I am not advocating for socialized medicine or even single payer, but it is important to distinguish between the two. The Economist this month had a great article on the different setups we see today.
Continue reading “Single payer is not socialized medicine”
The latest Republican health care bill meant to replace the Affordable Care act comes from Senators Bill Cassidy (LA) and Lindsey Graham (SC). This one presents a more substantial change to the way things are run. Most of this comes from an article in the 9/23/2017 issue of the Economist.
- The Federal government would play a much smaller role, giving money to the states proportional to the number of inhabitants between 50% and 138% of the Federal Poverty Level.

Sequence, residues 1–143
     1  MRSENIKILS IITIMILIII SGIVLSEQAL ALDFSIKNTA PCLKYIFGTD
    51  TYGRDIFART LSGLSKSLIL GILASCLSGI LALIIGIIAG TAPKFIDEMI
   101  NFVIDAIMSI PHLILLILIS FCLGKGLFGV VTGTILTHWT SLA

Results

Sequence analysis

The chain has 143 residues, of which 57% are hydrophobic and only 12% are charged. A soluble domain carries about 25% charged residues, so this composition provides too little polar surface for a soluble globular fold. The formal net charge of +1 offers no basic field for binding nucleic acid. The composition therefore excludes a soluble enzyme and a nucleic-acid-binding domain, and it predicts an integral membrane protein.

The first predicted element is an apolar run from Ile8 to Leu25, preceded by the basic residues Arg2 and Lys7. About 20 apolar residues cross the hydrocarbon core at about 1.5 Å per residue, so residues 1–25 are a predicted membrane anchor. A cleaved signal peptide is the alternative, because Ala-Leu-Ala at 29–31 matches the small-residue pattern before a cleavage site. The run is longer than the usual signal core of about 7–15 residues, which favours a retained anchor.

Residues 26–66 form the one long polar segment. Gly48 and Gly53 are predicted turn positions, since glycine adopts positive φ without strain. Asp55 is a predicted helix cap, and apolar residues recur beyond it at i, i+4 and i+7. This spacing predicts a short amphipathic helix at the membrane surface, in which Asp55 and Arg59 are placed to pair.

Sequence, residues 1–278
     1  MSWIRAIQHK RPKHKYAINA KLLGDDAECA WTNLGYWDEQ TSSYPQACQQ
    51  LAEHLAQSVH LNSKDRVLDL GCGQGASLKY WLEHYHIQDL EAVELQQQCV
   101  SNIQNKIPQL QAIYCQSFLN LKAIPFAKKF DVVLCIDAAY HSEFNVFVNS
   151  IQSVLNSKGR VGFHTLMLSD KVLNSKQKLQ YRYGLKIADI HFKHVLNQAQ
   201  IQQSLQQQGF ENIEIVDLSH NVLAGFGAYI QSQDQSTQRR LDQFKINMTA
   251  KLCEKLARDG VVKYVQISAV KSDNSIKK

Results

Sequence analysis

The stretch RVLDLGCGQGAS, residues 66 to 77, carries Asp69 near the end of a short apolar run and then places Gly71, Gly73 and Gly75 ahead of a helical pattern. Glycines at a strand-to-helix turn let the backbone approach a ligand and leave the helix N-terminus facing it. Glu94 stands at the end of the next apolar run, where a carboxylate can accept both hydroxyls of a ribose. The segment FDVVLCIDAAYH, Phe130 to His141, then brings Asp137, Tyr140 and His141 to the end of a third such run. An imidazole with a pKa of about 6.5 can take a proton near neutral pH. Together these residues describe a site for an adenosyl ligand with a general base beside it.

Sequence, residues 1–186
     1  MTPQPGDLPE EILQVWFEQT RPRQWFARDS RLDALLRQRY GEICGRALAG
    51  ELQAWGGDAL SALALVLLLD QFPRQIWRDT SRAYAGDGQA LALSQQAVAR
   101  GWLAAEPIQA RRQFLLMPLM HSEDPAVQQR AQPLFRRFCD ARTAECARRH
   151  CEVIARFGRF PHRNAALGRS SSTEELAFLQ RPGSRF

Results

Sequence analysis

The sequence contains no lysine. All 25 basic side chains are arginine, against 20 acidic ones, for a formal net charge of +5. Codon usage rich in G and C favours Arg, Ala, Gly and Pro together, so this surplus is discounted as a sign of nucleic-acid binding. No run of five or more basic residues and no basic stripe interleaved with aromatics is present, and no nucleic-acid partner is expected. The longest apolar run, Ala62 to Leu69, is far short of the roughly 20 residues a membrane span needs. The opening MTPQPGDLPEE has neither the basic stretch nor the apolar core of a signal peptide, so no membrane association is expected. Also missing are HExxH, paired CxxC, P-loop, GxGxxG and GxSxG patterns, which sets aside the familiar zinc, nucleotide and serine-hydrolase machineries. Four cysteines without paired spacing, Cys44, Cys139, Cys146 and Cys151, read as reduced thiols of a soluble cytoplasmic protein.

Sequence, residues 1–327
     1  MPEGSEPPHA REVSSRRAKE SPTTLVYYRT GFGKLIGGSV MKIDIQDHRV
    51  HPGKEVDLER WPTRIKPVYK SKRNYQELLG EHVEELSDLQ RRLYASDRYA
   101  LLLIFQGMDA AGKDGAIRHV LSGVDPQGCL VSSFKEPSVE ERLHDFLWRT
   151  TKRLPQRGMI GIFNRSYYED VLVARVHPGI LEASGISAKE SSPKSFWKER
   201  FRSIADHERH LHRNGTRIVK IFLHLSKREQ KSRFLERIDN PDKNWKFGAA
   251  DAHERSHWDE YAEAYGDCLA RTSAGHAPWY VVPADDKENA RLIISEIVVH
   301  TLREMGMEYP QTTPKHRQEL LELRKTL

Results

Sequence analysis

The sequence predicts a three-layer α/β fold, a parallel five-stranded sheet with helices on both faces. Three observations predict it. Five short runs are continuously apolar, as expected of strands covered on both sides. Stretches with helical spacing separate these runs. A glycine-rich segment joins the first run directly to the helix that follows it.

- The decisions on how to structure care is passed down to the states. They can petition Health and Human Services to drop ObamaCare provisions such as the Essential Health Benefits that were meant to provide a basal level of care in each plan.
The thought is that this may encourage experimentation in each of the states, however three problems exist.
- States are now responsible for structuring care. There is no guarantee they can do a better job. States are also required to have a balanced budget, so the Medicare money may go instead to paying other debts.
- There is no increase in money if conditions change. If a state is hit with a disaster, say an opiate epidemic, and requires more money to address this… there is no more money.
- Doesn’t fix existing problems with the health insurance marketplace. Premiums have already risen under the ACA and insurers are leaving markets. This new plan has the potential of further raising premium prices (with healthy people leaving the market without the pressure of a mandate) and discouraging insurers from participating (with less healthy people, they are taking more risk).